I start HH tomorrow! - page 2
So, tomorrow I start my new adventure in Home health! I've been off work since June d/t having a baby and so starting work tomorrow is bringing on the crazy emotions of leaving my baby & starting a new job :( I'm sad, scared,... Read More
- 0Jan 24, '13 by kennedy8353I've only ever work in a hospital. what is oasis/roc/soc? If u get paid hourly, which seems like most places are by visit or salary per posts, does the hourly wage cover the high amount of paperwork? What are u required to do in an office setting other than the home visits? Many meetings without pay?
- 0Jan 24, '13 by paradiseboundRNThe Oasis/ROC/SOC are documents that the nurses need to fill out at certain time periods in their care. Its really to complicated to explain without an understanding of home health. If you are paid per visit, then the documentation time is part of the pay, which is why I hate paid per visit. It depends on the agency, but when I was hourly, I was paid for documentation time at home. Either way, you do get paid per hour for meetings. There isn't much to do in the office, but drop off paperwork and pick up supplies, so most nurses avoid it. When I was hourly I did get paid for it.
- 1Jan 26, '13 by capri5homehealth nursing has become in demand for sure it is not a joke. with hospitals discharging patients within days of surgeries and such related to insurances not paying there is no time for patients to be taught disease process and post op any longer .alot of these people do not know their meds diet or what it takes to stop exacerbations of disease .in homecare all skills of nurses are still used woundcare ostomy teaching , infusions ,monitoring , reporting declines to md ,blood draws and lab collections ect ect ... i believe more sklills are used as you are working alone have noone at the home with you and critical thinking and decisions are needed to be made it takes a strong nurse for this field and a nurse with good skills as in hospital settings you have respitory dept lab techs and code teams you only have yourself to do all these skills in a home setting you are everyone and one person .rewards are great as you spend one on one with the patient and often the families you also get to see your results as you have the pt more than 3 days and self reward is high when you have made a difference. THANK GOD for homecare nurses they are a special kind of nursing and people
- 0Jan 26, '13 by RN_Mommy_2_3Hi everyone! As you all know I just started HH earlier this month and WOW what a difference from the hospital scene but I'm so far enjoying learning and the pt interaction. I've been doing my own visits and at times have felt overwhelmed with all the documentation & organization but I feel as I get more familiar with all the paperwork it'll become easier....the agency I work for is still paper charting but will be having to go electronic this year, hopefully that will solve a lot of the repetitive paper charting! Anyhow, so far I'm glad I've made the move the 1on 1 patient interaction makes it all worth it and so rewarding for me! I'm still trying to find the best organization technique so if any of you have any tips on staying organized with all the paperwork and charts please share!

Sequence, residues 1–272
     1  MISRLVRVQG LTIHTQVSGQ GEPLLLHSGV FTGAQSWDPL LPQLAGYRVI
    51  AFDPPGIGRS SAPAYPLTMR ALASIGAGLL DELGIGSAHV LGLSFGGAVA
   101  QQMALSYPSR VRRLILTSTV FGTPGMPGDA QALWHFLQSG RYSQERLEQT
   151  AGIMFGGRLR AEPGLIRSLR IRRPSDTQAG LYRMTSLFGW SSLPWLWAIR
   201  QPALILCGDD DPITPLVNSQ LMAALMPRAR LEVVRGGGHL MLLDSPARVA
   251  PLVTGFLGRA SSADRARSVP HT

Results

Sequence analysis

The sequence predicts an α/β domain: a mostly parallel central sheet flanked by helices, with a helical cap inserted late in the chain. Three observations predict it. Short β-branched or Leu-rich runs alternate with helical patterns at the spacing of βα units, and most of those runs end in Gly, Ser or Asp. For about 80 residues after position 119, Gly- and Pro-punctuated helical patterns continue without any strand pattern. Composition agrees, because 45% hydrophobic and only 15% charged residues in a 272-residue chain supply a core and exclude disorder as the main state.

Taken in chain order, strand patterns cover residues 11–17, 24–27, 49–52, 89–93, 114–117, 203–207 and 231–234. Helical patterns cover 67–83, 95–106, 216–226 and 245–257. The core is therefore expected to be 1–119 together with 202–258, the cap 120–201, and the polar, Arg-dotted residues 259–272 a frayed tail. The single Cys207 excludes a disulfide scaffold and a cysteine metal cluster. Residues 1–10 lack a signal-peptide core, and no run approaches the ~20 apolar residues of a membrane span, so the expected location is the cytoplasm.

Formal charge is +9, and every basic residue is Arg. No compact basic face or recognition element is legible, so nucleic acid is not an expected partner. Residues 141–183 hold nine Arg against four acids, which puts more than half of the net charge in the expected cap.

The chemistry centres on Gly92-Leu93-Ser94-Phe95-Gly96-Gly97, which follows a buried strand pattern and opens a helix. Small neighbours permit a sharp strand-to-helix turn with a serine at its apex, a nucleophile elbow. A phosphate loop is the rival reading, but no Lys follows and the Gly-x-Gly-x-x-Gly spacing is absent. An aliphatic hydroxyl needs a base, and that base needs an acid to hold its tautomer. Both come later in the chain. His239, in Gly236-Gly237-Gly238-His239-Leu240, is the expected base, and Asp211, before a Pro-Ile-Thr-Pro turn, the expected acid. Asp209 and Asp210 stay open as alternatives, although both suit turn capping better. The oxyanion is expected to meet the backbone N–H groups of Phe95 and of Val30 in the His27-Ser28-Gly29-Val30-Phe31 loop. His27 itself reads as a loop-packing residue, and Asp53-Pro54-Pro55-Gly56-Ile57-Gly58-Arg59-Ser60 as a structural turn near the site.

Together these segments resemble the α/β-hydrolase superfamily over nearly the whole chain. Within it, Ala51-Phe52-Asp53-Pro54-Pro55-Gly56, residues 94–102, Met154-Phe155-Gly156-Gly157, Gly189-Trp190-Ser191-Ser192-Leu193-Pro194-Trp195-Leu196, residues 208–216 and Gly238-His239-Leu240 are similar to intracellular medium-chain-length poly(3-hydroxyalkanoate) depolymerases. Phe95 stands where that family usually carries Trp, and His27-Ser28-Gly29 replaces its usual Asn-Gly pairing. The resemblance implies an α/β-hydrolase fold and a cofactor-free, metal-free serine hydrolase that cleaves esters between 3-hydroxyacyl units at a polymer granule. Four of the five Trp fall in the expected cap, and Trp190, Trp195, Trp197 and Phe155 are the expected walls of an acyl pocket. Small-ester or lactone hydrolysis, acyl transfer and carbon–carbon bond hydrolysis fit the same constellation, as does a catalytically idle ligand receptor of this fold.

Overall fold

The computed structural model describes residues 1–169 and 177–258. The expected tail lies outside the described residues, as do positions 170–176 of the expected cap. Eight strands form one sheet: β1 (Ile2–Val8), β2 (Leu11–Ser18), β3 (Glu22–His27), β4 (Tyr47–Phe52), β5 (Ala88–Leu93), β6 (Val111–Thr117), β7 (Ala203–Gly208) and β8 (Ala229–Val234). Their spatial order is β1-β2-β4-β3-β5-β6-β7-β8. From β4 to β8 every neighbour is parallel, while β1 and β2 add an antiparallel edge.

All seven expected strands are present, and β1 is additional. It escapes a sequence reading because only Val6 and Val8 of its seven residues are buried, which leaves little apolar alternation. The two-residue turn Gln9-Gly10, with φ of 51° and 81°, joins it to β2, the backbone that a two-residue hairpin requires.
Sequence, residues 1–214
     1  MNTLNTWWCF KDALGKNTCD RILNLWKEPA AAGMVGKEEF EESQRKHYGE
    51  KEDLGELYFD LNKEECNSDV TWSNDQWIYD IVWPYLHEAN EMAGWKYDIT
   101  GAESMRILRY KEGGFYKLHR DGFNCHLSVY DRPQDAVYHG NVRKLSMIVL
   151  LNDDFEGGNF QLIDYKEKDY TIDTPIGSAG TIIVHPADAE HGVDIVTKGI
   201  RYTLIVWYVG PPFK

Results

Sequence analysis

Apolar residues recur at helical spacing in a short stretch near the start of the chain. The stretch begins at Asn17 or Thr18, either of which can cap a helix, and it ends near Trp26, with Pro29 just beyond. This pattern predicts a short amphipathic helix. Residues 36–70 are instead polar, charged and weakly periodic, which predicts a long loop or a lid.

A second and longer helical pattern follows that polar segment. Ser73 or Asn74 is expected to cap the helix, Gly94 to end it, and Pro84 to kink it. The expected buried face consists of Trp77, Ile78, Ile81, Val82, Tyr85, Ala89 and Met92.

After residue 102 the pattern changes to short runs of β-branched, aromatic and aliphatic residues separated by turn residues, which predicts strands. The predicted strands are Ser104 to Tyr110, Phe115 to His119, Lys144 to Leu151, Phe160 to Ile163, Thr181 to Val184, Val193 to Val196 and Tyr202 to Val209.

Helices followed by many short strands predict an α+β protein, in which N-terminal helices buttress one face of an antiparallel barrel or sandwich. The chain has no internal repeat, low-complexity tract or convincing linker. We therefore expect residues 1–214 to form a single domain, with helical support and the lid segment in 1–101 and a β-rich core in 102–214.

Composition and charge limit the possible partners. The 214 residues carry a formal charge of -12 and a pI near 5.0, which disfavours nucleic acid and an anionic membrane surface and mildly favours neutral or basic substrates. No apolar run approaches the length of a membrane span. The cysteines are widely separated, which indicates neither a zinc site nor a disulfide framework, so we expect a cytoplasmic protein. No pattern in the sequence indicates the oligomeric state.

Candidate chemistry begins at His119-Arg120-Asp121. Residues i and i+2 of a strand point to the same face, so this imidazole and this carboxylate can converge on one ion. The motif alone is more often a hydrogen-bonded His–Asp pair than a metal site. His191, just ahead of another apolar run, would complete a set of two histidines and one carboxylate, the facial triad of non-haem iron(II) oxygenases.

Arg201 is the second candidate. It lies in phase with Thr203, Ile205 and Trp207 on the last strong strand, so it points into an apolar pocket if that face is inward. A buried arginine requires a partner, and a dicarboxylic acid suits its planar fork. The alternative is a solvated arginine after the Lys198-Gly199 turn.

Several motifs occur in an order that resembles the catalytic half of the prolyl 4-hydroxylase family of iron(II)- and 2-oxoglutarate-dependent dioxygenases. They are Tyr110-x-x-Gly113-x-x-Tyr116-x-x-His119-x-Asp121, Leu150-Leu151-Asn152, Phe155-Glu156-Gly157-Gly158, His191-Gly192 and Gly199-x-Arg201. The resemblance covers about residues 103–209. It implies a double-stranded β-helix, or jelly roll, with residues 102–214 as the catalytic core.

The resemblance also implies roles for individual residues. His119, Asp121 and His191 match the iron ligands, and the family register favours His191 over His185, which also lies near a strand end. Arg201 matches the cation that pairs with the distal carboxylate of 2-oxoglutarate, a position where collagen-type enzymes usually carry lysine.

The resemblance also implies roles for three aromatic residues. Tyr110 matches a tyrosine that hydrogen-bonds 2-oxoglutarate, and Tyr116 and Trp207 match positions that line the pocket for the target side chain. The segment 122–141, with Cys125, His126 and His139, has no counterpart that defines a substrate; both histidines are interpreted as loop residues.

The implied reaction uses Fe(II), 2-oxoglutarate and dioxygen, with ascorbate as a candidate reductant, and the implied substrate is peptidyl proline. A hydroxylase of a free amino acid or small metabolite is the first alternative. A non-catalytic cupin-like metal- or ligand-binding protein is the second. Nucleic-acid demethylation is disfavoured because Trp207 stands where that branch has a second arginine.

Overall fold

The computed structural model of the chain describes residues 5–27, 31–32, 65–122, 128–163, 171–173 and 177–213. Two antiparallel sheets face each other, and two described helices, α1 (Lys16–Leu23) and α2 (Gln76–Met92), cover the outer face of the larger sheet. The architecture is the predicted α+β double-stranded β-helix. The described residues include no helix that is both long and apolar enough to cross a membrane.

- 1Jan 27, '13 by KellT1203HH is an amazing opportunity. I have been a nurse for 2 1/2 years. The last 11 months in HH. It can be crazy at times but then it can be very relaxed and easy at times too. It is predictable yet unpredictable. The patients are AMAZING. I love being able to see my patients and the progress they make when I am caring for them. I see anywhere from 5-7 patients daily (7 if I do not want to push someone off on the weekend or do not have an LPN available to see a pt) but 7 rairly happens. We are a growing agency and will be getting more staff soon.
I am pregnant with my first, I am due in April. One of the best parts that I like is being able to be in control of my schedule (about 95% in control). You do have meetings at the office and have to kind of work around your patients schedules too but for the most part the patients are pretty flexible (at least what I have found, in most cases). I have my days set up to where they are very routine. I have organized my schedule to where I kind of know what patients I see on what days. Makes scheduling much easier.
I found the first 6 months the hardest in getting organized with scheduling and charting. But now, 11 months in, A LOT of my charting is done in the home. I went from 67% on time charting 2 months ago to 90+% on time charting now. I know that is bad but with being pregnant and exhausted at the end of the day, gahhhhhh. Most of the late charting is from my starts of care of my Friday visits. But it is getting better and easier. And then you have weeks where things just are crazy, they do get better.
I always saw myself as working on med-surg or in the ER. I find it hard to imagine what it would be like to have to do shift work. Right now, for me, this is so much better. I can start at 10 AM if I want, that does mean I work later in the day, but the upside is I get to sleep in a little. Good luck in your home health adventures!!!! They will be exciting. Oh and one thing I have learned, be prepared for ANYTHING. There are some pretty shocking things you will see that will make you put the palm of your hand to your head, shake your head and then sort of laugh a little. You will see so many different things in home health. GOOD LUCK!!